Dressing Independently

At 6, many kids are still dressed by their parents. At what point should you encourage your child to tie her shoes and button her shirt independently?
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Frank Heckers

Q: My husband says I'm babying our daughter when I help her zip up her pants, button her shirt, or tie her shoes. Is he right?

A: Yes and no. "Six is an incredibly inconsistent age," according to Jacqueline Haines, director of the Gesell Institute in New Haven, CT. "There will be some days when you'll find that your 6-year-old can do all her buttoning, zipping, and tying on her own, and then there will be other days when she can't or won't do it because her mind is on other things."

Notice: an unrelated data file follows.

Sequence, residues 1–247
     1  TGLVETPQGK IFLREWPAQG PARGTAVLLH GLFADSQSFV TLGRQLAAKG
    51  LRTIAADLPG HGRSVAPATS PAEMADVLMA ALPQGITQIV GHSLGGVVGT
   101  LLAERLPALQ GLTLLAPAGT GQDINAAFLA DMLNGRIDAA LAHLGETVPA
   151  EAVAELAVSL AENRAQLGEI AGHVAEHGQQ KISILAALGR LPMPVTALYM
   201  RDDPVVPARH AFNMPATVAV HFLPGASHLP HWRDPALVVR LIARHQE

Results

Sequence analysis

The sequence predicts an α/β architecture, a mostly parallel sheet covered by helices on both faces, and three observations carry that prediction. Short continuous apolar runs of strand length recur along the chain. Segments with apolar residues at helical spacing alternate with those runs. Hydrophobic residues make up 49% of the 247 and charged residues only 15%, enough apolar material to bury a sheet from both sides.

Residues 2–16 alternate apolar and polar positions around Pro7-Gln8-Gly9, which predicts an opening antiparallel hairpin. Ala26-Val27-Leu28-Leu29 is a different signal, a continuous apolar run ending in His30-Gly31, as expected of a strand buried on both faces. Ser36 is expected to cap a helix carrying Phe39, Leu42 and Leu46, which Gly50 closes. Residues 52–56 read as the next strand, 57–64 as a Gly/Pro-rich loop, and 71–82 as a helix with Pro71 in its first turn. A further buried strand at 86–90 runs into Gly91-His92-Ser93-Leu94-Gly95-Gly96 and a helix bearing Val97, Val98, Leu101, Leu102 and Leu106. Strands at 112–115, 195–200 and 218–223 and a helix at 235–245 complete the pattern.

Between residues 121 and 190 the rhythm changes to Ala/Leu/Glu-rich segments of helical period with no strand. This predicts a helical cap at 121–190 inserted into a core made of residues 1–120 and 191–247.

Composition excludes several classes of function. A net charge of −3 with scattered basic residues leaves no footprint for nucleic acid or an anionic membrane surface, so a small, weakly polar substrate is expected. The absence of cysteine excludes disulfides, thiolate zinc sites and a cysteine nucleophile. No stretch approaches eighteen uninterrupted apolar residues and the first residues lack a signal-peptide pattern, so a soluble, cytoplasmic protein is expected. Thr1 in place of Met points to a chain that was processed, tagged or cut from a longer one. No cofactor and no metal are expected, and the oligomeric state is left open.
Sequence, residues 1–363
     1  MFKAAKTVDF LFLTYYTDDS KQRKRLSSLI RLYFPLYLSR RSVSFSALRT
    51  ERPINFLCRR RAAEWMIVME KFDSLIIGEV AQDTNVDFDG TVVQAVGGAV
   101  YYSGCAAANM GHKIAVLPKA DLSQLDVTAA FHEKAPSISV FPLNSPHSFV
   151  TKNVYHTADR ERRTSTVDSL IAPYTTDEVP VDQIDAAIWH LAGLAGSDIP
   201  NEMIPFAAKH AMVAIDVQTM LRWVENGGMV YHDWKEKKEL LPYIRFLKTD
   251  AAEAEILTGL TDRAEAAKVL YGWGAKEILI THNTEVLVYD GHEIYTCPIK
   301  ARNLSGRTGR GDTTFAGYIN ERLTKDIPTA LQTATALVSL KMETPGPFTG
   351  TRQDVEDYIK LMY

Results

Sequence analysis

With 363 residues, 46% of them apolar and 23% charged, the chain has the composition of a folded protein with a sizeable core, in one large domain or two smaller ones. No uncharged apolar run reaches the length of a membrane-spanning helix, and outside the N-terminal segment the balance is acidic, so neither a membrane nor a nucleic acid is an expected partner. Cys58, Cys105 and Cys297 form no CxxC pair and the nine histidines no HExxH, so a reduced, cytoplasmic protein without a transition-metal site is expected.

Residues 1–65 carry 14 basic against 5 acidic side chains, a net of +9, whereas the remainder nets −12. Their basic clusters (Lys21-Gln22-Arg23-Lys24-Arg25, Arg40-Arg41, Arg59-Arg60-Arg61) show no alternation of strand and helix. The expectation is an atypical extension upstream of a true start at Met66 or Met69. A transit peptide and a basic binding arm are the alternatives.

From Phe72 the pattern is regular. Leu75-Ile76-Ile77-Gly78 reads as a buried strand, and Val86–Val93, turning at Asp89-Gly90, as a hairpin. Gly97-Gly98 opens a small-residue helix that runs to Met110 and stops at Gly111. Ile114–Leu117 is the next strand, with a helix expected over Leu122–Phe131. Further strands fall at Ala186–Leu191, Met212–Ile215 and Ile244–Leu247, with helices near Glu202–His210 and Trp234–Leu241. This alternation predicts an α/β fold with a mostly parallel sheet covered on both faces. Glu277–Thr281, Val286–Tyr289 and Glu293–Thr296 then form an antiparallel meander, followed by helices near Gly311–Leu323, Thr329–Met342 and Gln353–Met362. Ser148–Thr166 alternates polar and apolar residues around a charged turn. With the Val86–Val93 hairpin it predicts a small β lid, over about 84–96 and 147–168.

As a general rule, it's a good idea to encourage your child to do the things that you know she can do by herself. "Encouraging her independence may involve using frequent reminders, such as 'Don't forget to tie your shoes' or 'Your buttons need buttoning,'" says Haines. But parents also need to remember that it's okay to assist your child in dressing herself from time to time. "If your daughter asks for help, you won't be babying her if you comply," Haines emphasizes. "It's much better for parents just to go ahead and help dress their child at this age than to make an issue of it, which often ends up triggering a power struggle. By the time your daughter is 6½ or a little bit older, she probably won't ask for help with dressing herself as much. In fact, you may feel a bit strange because she no longer asks for your help frequently."

In the meantime, as with all issues involving childrearing, you and your husband should try to support each other. Haines says, "Kids feel more secure and well-cared-for when their parents agree on what to do."

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